And so one of the big things with them was we would have sleepovers. And I remember the families would always say, "Okay, well, she's coming over. What, what, what would she like to eat?" And I always say, have a, make whatever your family eats, whatever your culture eats. I wanna learn that.
So from a very young age, I would learn all about the culture of food and that was intriguing and passionate to me. I'm seeing a surge now of a younger generation that is trying to break into those slow food roots and to recreate these cultural foods.
A decade ago, people were combining the cultures. They were doing cross connections of cultures and restaurants. You were seeing all kinds of Asian flare with Latin fair and everything was. Fusion was going everywhere, which meant our food photography and our food styling had to be fusion too.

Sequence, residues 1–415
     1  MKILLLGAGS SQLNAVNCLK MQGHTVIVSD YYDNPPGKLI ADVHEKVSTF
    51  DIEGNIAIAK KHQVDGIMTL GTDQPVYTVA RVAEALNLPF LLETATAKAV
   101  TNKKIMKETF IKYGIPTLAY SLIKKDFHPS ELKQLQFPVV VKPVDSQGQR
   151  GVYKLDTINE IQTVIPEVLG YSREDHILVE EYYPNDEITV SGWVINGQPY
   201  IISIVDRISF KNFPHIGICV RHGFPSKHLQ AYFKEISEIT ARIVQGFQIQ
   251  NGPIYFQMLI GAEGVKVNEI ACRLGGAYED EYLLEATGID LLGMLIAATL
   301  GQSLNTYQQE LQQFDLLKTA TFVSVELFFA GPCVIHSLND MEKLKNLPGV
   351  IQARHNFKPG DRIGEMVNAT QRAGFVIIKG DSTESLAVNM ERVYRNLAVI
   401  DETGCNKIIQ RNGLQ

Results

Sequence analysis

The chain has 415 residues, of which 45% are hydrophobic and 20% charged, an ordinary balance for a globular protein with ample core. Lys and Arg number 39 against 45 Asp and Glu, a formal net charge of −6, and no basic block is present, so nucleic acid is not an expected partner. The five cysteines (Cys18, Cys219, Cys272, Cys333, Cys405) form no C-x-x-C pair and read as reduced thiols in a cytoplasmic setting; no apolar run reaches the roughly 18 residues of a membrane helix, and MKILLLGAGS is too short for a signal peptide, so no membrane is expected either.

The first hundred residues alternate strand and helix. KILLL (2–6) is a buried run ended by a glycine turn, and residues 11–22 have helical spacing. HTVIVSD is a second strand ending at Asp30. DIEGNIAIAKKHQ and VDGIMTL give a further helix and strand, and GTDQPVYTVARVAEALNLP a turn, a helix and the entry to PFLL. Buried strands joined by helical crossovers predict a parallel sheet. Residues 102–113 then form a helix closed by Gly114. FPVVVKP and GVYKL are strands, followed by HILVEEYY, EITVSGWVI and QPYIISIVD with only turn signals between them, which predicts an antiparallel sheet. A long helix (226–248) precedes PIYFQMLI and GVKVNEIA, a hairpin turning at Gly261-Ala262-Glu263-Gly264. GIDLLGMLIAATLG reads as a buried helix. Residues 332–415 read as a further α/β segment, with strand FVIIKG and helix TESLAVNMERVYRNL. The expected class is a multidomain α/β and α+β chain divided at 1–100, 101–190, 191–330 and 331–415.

So you have to stay on trend and the trend changes as fast as fashion changes.
[00:56:55] Mica: Yes.
[00:56:55] Kristina: Being able to follow food photography in other [00:57:00] countries and other cultures will help you stay fresh in what's trending.
[00:57:05] Mica: That's such a good answer. You brought up a such a good point. I was gonna ask you, how do you stay on top of trends and make sure your work always looks fresh and current. And you answered that. Looking at what other countries are doing and, and not just focusing on what the west is doing. By the time the US finds out about something, I mean, I feel like we're always late.
[00:57:28] Kristina: Yeah, no, we are. We absolutely are.
[00:57:31] Mica: I am loving the hard light, hard shadows. I thought the bright and hard shadows was overdone. So I'm glad that that's finished with. Now I'm like, okay, well, what's, what's new. What can we do with this hard light? How can we have fun with this?